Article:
Many taxpayers think that conversations with their accountant are confidential. Only during an audit or criminal investigation do they learn otherwise. Unfortunately, by then it’s too late.
We have seen several taxpayers stunned when the IRS issues a summons (IRS speak for subpoena) to their CPA. Knowing when and what information is confidential is something to think about now and not when the IRS comes knocking.
Taxpayers enjoy a very broad privilege with their attorney. Although not absolute (more on that later), it is quite broad. Does that mean that taxpayers should not hire accountants? Of course not.
Here are the basics.
Section 7525 of the Internal Revenue Code governs the client – accountant privilege. That privilege protects many conversations and correspondence that a taxpayer may have with his or her practitioner but there are some exceptions. These include:
Allegations of fraud
Allegations of criminal activity
Tax return preparation
Participation in a tax shelter
So what is left? Good question. Discussions with your accountant seeking tax advice are covered by the privilege; unless of course they run afoul of one of the above exceptions.
The privilege enjoyed by lawyers is much broader. Unless the lawyer is assisting the taxpayer in the commission of a crime or fraud, virtually all communications are privileged.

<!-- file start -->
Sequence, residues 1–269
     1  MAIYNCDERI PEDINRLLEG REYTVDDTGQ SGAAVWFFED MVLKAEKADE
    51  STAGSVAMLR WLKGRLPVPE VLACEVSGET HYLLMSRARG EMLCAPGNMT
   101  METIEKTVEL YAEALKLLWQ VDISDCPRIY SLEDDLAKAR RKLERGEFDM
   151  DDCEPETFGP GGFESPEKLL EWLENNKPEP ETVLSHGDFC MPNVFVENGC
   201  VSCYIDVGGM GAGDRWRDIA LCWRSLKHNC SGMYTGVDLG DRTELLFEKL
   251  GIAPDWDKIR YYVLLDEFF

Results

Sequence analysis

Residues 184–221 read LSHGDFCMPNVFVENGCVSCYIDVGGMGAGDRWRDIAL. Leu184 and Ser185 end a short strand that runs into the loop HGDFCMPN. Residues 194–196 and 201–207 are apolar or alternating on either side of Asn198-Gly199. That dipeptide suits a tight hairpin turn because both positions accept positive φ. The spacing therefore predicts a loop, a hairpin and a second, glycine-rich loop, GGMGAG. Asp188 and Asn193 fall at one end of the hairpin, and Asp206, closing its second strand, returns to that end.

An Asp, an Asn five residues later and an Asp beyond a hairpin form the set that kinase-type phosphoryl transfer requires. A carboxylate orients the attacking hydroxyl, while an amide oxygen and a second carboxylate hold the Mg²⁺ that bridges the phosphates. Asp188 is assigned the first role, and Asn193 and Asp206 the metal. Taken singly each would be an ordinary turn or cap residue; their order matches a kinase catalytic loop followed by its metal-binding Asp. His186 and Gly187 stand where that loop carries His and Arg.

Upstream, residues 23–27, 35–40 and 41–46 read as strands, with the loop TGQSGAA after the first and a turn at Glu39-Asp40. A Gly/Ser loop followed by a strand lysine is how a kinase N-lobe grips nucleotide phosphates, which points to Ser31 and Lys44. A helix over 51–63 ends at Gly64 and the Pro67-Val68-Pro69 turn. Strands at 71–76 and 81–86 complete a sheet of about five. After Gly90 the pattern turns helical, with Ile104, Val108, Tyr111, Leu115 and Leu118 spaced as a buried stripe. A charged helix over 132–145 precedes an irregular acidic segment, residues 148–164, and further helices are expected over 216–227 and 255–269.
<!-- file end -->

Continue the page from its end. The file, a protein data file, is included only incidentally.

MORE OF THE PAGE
Accountants can still play a valuable role in tax investigations and tax shelter cases. To maintain the privilege, the taxpayer should hire a lawyer and then have the lawyer hire the accountant. This so-called Kovell privilege is not absolute but comes close. By having the lawyer hire the accountant, the lawyer’s privilege extends to the accountant and their combined work is covered by the work product doctrine.
If a lawyer or accountant signs a tax return, however, the privilege may be waived. For that reason, some lawyers engage one accountant to assist in defending the client under audit or investigation while a second accounting firm signs returns.
Privilege can also be waived if the taxpayer, lawyer or accountant copies third parties on correspondence or allows third parties to be present when tax matters are being discussed.
Obviously, this is a very general description of the privileges that a taxpayer enjoys with his or her accountant and tax lawyer. The important takeaway is to consider hiring a lawyer if a tax audit could turn criminal or may involve fraud. The same is true if you are involved in tax shelter transactions.
Facing a tax audit or think you may have potential tax fraud problems? Give us a call. Our audit defense and criminal tax attorneys have helped many taxpayers with a wide variety of tax concerns.
For more information on audit defense, contact attorney Bethany Canfield at or by telephone at (414) 223-0464. Have a fraud or criminal tax issue? Contact the author of this post, attorney Brian Mahany at or by telephone at (414) 704-6731 (direct). All inquiries protected by the attorney – client privilege and kept in strict confidence. (But by reading this article, you already knew that!)
Tag as Kovel privilege, accountant privilege, tax audit defense, tax evasion